As Rome Modernizes, Its Past Quietly Crumbles

ROME — The Eternal City is anything but.

Collapses this spring at a couple of ancient sites here caused weary archaeologists to warn, yet again, about other imminent calamities threatening Rome’s precarious architectural birthright.

Meanwhile, the smart set went gaga when an ostentatious national museum for contemporary art, Maxxi, opened recently, along with an expansion to the city-run new-art museum, Macro. That was just after Rome’s mayor, Gianni Alemanno, convened a conference for planners and architects to mull a bid for the 2020 Olympics as an incentive to update Italy’s capital. Contemporary architecture now promises to be the engine and symbol of a new creative identity for Rome that, if development is done right for a change, would complement the city’s glorious past.

“What does Rome want to be when it grows up?” is how Richard Burdett, a planner from London with Italian roots, put the situation the other day. He meant the situation of Rome at a crossroads, struggling ahead, falling behind.

Change is never easy here. When a museum designed by Richard Meier, a glass and marble building to house the Ara Pacis, opened a few years ago, Romans howled. But then, it resembles a clunky, fascist mausoleum. Maxxi, whose style presents a whole other set of problems, has fared much better in terms of public approval, attracting some 74,000 visitors in its first month and accelerating talk by leaders like Mr. Alemanno about Rome in the 21st century.


Especially when some of the best [monument] of it is falling down. Exhibit A: the Domus Aurea, the Golden Villa that Nero built near the Colosseum, where a vaulted gallery fell this spring. Nobody was hurt, fortunately. That’s because the place has been closed since 2008, plagued by structural problems and humidity, which threatens the frescoes. To much fanfare, the city opened part of the site for tourists in 1999. Then heavy rain collapsed a section of roof, the site was closed, reopened a while later, then closed again.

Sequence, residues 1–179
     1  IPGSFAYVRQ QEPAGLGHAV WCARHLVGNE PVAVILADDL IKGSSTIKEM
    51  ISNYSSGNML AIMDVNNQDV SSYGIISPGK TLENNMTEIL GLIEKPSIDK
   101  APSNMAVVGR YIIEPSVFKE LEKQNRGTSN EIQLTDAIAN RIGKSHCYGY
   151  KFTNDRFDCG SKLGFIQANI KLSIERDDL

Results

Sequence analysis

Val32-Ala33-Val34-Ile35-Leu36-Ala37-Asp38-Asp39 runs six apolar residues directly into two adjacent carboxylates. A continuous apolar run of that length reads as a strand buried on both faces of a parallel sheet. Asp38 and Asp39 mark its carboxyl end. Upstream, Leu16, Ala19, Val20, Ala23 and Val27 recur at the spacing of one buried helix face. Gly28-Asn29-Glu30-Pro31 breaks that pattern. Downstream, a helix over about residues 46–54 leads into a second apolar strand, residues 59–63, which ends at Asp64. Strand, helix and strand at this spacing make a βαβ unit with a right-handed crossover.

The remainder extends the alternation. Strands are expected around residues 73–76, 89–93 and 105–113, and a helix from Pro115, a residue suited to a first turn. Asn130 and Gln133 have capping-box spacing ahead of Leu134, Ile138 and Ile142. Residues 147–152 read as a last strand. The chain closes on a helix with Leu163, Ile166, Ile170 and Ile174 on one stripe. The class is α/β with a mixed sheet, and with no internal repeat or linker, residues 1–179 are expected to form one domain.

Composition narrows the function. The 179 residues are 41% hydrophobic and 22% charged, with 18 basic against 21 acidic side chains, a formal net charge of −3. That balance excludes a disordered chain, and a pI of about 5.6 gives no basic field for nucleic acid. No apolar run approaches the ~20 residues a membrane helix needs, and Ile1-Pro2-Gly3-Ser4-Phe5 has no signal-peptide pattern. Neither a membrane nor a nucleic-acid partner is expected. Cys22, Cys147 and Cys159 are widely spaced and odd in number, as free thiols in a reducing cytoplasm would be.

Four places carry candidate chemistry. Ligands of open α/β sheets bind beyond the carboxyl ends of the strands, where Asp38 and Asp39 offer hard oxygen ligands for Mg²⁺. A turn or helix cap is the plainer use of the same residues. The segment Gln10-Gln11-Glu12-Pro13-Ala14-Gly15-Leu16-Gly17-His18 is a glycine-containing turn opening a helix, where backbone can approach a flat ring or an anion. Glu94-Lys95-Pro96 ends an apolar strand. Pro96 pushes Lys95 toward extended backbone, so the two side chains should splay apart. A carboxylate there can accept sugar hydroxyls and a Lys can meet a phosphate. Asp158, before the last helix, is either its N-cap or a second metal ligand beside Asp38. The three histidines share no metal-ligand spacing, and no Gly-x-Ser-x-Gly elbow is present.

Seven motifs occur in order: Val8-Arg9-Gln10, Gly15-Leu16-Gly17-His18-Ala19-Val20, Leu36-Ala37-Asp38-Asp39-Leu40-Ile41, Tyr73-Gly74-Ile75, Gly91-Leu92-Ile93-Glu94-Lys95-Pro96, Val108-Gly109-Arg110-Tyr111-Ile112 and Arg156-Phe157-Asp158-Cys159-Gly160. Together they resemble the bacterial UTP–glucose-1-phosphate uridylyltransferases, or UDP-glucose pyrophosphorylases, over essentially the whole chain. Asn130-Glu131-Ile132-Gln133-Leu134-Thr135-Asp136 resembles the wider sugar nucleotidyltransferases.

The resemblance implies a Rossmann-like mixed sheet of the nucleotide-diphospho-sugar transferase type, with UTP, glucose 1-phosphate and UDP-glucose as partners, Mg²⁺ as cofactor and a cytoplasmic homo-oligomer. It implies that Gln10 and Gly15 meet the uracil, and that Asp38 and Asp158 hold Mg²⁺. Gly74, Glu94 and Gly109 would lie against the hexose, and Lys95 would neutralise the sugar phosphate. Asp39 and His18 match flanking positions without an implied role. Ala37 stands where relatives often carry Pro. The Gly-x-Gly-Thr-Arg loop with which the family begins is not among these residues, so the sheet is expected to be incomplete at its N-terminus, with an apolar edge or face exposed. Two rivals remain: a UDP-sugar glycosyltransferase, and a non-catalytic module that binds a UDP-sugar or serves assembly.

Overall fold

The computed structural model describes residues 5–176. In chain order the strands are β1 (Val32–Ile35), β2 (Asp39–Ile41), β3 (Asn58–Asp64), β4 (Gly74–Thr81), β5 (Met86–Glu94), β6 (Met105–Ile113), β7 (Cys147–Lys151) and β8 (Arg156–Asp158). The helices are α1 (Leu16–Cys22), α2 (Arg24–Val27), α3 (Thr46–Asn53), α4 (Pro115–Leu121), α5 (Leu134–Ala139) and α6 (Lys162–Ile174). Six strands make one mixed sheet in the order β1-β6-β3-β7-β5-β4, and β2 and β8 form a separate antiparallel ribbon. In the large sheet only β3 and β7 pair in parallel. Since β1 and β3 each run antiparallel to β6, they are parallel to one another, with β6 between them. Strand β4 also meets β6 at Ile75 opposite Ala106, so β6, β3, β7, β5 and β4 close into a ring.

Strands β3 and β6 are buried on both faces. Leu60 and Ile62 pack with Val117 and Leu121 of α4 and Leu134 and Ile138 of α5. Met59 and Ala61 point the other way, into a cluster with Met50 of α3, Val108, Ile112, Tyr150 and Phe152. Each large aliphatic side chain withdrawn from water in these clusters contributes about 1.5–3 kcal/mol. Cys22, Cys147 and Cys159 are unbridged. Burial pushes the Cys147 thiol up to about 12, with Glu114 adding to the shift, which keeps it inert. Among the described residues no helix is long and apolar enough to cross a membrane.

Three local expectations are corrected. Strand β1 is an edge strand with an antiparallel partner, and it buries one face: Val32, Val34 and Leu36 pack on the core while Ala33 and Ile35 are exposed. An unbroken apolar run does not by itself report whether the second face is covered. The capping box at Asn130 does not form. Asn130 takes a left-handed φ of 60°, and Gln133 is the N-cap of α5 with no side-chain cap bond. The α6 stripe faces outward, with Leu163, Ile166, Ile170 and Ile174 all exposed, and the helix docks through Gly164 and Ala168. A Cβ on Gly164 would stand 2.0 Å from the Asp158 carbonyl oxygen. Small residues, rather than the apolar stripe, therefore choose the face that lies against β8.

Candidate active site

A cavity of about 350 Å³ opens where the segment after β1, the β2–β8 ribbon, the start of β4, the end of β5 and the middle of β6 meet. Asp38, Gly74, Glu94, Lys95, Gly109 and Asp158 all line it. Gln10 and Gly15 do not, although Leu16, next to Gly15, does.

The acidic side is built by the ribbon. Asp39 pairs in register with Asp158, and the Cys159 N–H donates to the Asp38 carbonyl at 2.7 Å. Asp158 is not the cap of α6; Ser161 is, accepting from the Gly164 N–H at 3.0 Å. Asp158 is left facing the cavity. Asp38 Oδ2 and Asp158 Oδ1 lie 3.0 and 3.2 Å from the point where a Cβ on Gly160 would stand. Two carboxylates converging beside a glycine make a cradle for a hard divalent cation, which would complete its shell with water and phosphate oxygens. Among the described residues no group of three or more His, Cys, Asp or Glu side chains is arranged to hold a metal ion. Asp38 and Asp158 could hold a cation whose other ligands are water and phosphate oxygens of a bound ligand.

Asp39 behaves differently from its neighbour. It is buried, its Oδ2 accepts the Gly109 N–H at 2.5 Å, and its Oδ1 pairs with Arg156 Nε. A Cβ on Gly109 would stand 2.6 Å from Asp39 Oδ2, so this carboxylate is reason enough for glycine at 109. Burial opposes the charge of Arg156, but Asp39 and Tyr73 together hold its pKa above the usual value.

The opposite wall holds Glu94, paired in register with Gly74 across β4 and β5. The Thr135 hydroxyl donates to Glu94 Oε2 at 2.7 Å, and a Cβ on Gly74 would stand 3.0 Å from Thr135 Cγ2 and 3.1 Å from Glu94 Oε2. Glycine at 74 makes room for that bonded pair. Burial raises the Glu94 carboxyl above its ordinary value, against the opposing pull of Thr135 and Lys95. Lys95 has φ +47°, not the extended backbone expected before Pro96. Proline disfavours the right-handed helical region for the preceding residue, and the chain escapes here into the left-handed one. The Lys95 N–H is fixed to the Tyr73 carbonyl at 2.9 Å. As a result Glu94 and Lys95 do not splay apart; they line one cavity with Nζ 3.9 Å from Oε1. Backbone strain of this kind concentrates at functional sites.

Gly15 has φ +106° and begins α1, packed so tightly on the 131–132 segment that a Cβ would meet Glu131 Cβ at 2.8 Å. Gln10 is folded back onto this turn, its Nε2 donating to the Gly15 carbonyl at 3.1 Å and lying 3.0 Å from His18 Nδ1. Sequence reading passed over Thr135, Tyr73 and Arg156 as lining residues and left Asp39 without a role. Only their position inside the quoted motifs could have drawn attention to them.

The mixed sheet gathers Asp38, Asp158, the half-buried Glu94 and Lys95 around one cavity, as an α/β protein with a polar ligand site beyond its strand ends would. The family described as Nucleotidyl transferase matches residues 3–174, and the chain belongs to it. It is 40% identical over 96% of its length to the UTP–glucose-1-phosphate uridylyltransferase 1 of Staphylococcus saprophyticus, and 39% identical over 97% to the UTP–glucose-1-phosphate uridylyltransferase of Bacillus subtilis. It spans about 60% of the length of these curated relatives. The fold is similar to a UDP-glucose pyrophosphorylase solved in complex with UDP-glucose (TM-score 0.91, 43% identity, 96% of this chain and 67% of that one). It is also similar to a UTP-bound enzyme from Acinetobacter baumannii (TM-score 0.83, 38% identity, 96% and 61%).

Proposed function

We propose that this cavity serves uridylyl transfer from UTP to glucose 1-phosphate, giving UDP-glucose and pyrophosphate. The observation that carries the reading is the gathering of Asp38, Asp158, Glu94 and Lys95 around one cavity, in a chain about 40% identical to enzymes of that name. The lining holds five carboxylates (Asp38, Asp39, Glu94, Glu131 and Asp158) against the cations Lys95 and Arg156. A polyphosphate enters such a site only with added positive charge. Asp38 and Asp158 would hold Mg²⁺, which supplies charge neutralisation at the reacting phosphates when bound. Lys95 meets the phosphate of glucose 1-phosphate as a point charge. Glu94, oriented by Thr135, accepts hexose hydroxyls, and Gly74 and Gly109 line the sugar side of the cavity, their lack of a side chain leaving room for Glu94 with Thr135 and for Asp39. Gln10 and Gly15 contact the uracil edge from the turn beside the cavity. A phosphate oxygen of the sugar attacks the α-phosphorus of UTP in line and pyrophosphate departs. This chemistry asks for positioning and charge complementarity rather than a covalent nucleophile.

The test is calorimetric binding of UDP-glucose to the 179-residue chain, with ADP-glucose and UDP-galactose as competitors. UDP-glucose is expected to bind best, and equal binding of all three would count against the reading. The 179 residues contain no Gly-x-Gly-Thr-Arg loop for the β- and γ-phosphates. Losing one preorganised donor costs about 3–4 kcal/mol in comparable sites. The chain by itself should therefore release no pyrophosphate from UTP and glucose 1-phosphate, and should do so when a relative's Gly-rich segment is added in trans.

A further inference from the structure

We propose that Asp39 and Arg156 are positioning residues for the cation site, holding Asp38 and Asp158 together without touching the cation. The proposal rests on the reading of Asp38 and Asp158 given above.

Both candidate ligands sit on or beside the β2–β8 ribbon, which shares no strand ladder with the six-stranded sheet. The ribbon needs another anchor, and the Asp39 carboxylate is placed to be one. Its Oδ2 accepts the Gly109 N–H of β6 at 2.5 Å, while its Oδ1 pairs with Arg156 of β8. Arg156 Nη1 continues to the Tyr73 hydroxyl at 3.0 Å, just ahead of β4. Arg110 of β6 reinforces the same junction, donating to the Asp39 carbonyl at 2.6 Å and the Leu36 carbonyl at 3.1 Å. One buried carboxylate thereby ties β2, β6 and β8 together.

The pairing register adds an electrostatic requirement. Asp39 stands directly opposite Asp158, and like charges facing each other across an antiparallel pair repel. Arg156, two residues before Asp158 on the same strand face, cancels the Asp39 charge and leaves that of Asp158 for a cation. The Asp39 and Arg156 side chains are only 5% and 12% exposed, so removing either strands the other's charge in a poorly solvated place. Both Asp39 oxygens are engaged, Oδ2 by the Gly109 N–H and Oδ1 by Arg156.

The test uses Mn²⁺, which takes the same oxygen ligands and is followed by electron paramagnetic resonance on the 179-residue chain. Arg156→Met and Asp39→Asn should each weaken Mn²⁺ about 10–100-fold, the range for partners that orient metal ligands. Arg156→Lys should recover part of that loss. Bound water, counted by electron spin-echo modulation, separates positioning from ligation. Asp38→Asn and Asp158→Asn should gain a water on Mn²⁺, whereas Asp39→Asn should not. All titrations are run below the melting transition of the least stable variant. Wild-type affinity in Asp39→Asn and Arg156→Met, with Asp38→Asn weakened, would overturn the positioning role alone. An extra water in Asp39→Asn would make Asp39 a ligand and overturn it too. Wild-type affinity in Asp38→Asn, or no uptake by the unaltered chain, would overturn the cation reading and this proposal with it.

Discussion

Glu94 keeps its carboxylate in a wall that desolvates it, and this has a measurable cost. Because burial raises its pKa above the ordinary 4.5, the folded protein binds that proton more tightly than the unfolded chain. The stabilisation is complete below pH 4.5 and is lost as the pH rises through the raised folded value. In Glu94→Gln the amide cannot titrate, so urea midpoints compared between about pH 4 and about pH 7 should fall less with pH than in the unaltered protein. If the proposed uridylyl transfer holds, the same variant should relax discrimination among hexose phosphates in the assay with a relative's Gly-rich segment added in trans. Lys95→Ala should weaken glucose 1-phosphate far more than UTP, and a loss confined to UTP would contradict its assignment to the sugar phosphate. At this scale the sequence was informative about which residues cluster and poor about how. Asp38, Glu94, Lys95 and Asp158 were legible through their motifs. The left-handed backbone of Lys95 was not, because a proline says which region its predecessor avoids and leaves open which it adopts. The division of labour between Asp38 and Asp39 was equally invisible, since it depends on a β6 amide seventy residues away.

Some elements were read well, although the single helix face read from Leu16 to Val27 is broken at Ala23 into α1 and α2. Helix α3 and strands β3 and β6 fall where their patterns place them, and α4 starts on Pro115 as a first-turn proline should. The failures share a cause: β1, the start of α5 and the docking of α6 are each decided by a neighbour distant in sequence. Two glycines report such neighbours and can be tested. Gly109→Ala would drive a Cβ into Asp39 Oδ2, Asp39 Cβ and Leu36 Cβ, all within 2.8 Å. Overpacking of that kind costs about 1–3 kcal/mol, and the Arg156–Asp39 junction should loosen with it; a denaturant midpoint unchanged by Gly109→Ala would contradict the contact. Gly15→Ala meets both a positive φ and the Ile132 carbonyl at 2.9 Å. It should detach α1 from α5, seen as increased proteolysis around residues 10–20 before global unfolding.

A commission assigned to address the problem spent millions but didn’t forestall the latest mishap. Construction workers were fussing with earthmovers, bits and pieces of ancient columns, broken pots and scaffolding one recent morning. Fedora Filippi, a veteran archaeologist lately put in charge, pointed out where the roof gave way in what is actually an adjacent gallery built under Trajan, after Nero. Rain seeped from a park above, she said. Everybody has known about the leaking for ages. But the park is city-owned, and the Domus Aurea is national property, so the problem is no one’s to solve.

After the Domus Aurea gave way, some chunks fell off the Colosseum. Salvo Barrano, vice president of Italy’s Association of National Archaeologists, afterward listed threats to the aqueducts, the Palatine. The country is basically one giant archaeological site, Mr. Barrano said, with every town and region vying for resources, no politician willing to make hard choices, and too few qualified engineers and archaeologists in charge.


New Rome, old Rome. Roberto Cecchi, in charge of overseeing the city’s prized but crumbling archaeological sites, had a strikingly similar refrain: “Roman engineers worried 2,000 years ago about maintaining the city,” he said. “We must set down methods and rules. We must start to think ahead, not just respond when crises happen.”

So in theory everyone’s on the same page.

But who knows? This is Rome. Some things are eternal. (Bron: The New York Times, samengevat)


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